Cartography Lessons with Caridad Svich: The Ancient and the Contemporary Collide in the Dreamscapes of Her Plays

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ON STAGE AT MANHATTAN'S REPERTORIO ESPANOL, a beautiful woman with green hair holds a plush toy, telekinetically wafted from a nearby tree, while her little sister and a huge black dog-puppet cavort around her. Screens covered in handwritten text make the stage seem vast, and a girl from two generations away watches it all from her torture chamber.

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At Passage Theatre Company in Trenton, N.J., a woman is alone on a stage. A girl's voice offers a monologue in the second person, speaking as much to the woman as she is to herself, as she is to us. Then darkness. The woman and her husband, a deeply bourgeois couple, sneak off to a party, making a narcissistic (if seemingly harm-less) decision about child care. Everyone in the audience knows something bad is about to happen, and no one can breathe for wondering: What?

At Crowded Fire Theater Company in San Francisco, two terrified boys huddle on a beach. Are they revenants? Castaways? Victims of an unspeakable calamity? They don't know, and neither do we. But soon they argue, and a woman in an expensive dress comes ... for just one of them.

These are the world-premiere plays of Caridad Svich that have opened this past season: La Casa de los espiritus (The House of the Spirits, in translation), Instructions for Breathing and Wreckage. In all three works, Svich reveals herself as a cartographer of cultural dreamscapes. Each play maps out profoundly different, but profoundly human, terrain. These plays, one might say, are like people we know--different on the surface, but driven by similarly human hearts. It is a condition they share with Svich's most widely produced work, Iphigenia Crash Land Falls on the Neon Shell That Was Once Her Heart (a rave fable), which received its Austin, Tex., debut early this year in a top-flight production at Salvage Vanguard Theater.

Each of these plays is an adaptation, in the best sense of the word. Svich isn't retelling old stories, but finding an ancient spark and letting it ignite her very contemporary aesthetics. These are adaptations whose sources live in the deeply Jungian recesses of cultural memory, like shared dreams. The House of the Spirits comes from Isabel Allende's novel of the same name, a seminal work of magic realism. Wreckage gives new life to Medea's children. And the child that disappears in Euripides' Ion disappears again in Instructions for Breathing.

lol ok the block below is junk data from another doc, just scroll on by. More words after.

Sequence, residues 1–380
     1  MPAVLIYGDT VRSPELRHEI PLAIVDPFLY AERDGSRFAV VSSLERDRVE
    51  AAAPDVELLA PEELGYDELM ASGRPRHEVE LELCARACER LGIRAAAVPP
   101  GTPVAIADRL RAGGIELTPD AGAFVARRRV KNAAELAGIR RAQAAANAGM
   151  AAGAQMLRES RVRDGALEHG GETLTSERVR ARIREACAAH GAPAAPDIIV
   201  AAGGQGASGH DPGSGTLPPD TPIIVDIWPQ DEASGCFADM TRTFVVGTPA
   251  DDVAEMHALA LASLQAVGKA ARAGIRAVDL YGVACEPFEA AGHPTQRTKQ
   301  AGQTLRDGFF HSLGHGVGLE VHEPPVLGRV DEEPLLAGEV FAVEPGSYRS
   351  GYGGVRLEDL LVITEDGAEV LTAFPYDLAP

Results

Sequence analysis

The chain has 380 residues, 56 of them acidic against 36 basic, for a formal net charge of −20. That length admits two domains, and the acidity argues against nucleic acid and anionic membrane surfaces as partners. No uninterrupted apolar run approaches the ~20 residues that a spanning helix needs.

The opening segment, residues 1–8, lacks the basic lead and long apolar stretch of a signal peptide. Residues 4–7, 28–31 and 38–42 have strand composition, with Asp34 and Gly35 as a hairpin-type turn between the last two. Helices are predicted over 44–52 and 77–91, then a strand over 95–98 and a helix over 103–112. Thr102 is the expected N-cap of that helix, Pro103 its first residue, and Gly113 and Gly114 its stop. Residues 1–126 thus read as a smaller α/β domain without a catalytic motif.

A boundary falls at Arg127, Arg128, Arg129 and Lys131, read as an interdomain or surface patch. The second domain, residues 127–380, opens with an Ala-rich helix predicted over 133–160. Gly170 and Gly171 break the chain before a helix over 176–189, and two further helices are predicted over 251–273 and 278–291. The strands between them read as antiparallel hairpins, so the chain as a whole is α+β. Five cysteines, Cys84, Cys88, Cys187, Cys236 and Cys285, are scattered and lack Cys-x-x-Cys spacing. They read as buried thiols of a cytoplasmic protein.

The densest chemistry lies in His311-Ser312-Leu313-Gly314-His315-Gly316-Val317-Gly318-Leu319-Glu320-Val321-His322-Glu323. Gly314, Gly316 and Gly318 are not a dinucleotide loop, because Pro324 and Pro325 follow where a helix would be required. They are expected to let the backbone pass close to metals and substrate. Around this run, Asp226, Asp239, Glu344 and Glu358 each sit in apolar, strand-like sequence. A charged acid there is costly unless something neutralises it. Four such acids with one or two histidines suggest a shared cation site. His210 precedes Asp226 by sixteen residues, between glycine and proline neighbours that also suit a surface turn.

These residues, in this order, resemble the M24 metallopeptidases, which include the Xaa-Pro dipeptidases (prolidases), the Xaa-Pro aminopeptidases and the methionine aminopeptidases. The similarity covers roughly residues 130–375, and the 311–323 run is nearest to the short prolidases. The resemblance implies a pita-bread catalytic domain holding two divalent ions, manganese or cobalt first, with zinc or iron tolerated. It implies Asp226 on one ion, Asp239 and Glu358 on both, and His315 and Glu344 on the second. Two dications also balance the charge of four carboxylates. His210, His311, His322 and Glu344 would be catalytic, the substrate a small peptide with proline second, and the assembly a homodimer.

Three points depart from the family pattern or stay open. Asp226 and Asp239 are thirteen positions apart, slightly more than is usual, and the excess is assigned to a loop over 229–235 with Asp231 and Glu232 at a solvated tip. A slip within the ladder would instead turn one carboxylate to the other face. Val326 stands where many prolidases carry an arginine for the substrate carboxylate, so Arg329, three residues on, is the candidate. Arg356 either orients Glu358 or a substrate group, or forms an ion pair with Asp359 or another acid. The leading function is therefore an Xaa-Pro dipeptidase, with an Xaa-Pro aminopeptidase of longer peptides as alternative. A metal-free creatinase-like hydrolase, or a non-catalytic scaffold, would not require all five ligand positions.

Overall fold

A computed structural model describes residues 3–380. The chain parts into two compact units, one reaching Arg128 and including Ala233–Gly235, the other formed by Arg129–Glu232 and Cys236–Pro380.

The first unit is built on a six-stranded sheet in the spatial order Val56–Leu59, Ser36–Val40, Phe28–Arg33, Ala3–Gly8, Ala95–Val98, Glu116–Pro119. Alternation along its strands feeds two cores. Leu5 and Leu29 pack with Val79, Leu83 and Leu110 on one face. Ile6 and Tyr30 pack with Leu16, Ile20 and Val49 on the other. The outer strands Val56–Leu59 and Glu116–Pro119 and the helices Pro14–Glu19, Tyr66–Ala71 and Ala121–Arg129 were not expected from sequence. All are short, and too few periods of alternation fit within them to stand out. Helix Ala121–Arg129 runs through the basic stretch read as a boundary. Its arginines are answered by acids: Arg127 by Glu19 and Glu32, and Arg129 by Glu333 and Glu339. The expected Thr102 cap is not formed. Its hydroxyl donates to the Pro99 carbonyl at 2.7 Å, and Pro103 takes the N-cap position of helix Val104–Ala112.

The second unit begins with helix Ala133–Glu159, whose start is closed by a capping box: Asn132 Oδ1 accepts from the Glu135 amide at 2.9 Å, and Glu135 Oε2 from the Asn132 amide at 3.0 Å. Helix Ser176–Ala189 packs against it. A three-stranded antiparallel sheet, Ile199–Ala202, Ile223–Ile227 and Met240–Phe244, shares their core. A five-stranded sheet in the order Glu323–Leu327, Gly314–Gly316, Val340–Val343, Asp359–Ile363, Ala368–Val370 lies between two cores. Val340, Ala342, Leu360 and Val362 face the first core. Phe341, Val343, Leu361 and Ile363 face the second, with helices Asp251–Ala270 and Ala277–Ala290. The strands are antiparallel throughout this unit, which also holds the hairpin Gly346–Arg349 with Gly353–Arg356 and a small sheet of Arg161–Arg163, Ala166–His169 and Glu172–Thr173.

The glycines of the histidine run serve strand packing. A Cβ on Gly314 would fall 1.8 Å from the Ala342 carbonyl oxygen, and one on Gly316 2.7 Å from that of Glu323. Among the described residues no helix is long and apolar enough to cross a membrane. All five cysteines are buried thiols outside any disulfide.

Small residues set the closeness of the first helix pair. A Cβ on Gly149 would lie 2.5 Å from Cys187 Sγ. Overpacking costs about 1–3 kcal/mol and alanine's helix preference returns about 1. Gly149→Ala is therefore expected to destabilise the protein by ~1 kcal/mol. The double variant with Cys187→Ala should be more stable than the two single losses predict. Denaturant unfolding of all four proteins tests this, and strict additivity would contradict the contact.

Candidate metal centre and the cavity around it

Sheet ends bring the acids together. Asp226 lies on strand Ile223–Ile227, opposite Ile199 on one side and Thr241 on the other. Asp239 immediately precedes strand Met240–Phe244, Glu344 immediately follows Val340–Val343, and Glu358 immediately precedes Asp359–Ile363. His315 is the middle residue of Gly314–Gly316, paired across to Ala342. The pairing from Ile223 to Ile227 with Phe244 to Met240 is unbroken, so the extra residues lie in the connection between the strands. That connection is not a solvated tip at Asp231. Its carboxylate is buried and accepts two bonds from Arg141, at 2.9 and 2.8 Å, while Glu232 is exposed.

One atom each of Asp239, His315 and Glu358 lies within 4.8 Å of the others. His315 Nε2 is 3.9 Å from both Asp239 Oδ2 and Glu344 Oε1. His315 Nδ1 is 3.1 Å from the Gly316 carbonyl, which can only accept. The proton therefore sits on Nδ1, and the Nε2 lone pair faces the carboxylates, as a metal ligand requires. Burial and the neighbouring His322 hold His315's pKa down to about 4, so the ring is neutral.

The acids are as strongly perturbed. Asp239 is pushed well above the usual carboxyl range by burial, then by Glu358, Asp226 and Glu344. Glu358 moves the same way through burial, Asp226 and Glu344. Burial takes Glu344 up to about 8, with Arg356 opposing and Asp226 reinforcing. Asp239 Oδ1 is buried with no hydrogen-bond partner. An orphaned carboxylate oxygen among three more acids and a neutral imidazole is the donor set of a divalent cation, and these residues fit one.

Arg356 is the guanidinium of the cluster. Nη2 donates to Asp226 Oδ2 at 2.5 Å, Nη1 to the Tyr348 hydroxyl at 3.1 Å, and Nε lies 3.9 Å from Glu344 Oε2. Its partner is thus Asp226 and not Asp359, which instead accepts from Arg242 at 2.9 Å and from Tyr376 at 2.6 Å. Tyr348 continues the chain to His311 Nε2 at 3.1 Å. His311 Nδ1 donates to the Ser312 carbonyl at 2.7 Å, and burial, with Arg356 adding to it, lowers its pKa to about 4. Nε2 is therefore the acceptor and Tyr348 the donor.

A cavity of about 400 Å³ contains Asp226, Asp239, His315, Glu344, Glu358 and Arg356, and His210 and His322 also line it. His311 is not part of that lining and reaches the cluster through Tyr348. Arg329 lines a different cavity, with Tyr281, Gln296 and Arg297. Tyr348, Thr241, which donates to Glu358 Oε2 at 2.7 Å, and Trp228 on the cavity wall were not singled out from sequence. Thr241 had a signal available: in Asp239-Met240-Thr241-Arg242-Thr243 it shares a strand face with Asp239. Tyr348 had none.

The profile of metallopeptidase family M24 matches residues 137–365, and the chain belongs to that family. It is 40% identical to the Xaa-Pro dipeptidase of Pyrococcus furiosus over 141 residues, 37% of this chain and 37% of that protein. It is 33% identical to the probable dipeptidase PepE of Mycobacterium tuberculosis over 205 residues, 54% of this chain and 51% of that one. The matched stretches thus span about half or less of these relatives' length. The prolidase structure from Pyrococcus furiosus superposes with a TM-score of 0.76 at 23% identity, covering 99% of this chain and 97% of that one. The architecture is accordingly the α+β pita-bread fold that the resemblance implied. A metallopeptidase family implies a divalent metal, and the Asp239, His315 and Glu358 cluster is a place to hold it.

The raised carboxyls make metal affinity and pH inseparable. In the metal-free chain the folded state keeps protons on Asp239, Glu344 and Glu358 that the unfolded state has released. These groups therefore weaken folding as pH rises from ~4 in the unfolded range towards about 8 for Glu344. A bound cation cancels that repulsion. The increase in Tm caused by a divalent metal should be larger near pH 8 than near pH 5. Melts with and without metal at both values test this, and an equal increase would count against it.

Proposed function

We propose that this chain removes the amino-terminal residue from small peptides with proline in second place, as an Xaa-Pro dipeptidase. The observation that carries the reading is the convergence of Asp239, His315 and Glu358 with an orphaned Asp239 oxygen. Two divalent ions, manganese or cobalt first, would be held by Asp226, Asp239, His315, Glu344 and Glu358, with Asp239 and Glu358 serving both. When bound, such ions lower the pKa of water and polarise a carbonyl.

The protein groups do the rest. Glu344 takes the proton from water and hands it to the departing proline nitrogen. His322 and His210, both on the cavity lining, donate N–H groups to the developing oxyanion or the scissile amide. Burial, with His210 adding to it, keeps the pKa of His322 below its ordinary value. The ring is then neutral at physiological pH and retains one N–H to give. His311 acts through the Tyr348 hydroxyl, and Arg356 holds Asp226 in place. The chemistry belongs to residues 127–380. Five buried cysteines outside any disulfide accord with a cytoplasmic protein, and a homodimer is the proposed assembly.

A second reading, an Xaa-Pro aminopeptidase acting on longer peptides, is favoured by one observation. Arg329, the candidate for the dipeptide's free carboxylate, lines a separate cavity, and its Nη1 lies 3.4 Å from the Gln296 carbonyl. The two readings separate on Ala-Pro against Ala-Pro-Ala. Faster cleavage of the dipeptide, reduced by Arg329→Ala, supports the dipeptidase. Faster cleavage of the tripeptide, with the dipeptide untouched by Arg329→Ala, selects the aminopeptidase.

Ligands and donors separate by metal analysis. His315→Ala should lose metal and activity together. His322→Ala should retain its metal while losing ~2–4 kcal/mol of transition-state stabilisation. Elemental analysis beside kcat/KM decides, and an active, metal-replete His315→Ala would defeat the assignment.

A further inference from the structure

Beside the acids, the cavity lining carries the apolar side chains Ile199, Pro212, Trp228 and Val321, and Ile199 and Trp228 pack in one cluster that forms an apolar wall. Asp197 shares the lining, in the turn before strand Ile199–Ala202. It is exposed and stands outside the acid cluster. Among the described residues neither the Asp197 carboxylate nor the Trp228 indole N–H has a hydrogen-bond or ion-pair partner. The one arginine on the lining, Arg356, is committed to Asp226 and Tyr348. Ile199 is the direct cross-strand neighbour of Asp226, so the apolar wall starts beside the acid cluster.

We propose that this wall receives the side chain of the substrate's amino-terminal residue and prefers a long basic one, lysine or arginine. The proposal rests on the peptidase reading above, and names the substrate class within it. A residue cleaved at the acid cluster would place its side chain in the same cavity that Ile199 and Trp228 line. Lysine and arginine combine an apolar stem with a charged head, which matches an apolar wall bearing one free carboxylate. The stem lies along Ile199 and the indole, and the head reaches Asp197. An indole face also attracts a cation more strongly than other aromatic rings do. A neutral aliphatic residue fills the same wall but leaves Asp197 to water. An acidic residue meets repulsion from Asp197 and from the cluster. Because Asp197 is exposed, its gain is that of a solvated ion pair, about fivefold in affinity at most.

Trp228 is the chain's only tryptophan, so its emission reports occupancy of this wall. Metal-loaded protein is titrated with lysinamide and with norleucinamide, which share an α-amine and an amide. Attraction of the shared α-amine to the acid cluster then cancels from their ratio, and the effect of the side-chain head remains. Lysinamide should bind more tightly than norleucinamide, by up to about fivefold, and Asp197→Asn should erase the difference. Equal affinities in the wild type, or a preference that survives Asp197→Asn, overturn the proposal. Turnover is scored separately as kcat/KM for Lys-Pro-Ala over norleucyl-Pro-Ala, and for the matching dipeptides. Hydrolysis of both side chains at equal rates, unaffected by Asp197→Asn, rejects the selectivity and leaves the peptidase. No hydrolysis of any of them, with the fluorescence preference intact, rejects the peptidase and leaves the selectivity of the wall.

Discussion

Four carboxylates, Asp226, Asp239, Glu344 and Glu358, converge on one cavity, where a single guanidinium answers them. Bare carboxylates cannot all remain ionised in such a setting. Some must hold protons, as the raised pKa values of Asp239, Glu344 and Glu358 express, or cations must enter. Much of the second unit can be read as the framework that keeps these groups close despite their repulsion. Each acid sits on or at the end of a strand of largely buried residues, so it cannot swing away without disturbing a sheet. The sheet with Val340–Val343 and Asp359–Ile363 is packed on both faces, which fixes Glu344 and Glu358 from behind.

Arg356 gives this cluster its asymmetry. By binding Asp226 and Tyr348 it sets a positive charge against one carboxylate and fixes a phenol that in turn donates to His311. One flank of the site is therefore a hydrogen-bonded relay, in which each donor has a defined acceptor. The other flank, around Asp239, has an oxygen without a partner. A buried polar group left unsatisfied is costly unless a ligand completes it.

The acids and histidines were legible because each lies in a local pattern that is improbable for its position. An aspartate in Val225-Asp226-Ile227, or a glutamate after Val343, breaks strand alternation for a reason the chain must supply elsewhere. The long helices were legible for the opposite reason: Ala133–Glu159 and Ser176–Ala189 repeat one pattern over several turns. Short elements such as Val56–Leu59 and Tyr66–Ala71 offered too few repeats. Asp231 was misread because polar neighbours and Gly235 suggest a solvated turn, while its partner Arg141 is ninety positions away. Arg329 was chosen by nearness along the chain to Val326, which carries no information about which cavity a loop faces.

Such source material surreptitiously sprawls through Western culture. Consequently, each of these plays is an act of postmodern mythopoesis, engaging the complexities of the 21st-century stage. The House of the Spirits, for example, depicts a world of plasticized sociopolitical identity--one of the most interesting manifestations of which is the use of many different Spanish accents. By simply having each actor keep the tone and inflection of his or her own Spanish dialect, the audience is shifted out of the artificial, homogeneous world usually portrayed on a stage and into an implied cross-cultural pastiche. This allows the play (even for an anglophone audience) to seem alien and familiar simultaneously.

With a wink and a nod of staging, both Wreckage and Instructions for Breathing could happen in any developed nation, and most developing ones as well. In Wreckage, for example, a convenience-store security camera offers a leitmotif of visual information to help the audience interpret and reinterpret the events of the plot, which could be unfolding in any seaside community from Coney Island to Acapulco.

Svich's diverse plays are both freshly contemporary and popularly accessible, often blurring boundaries and assembling fragments aesthetically appropriate for a pressurized culture. These are plays of quantum suspense, where anything can happen at any time--but once that anything happens, it feels like the only thing that could have happened after all. The death of the giant dog Barrabas, in The House of the Spirits, is one such moment. …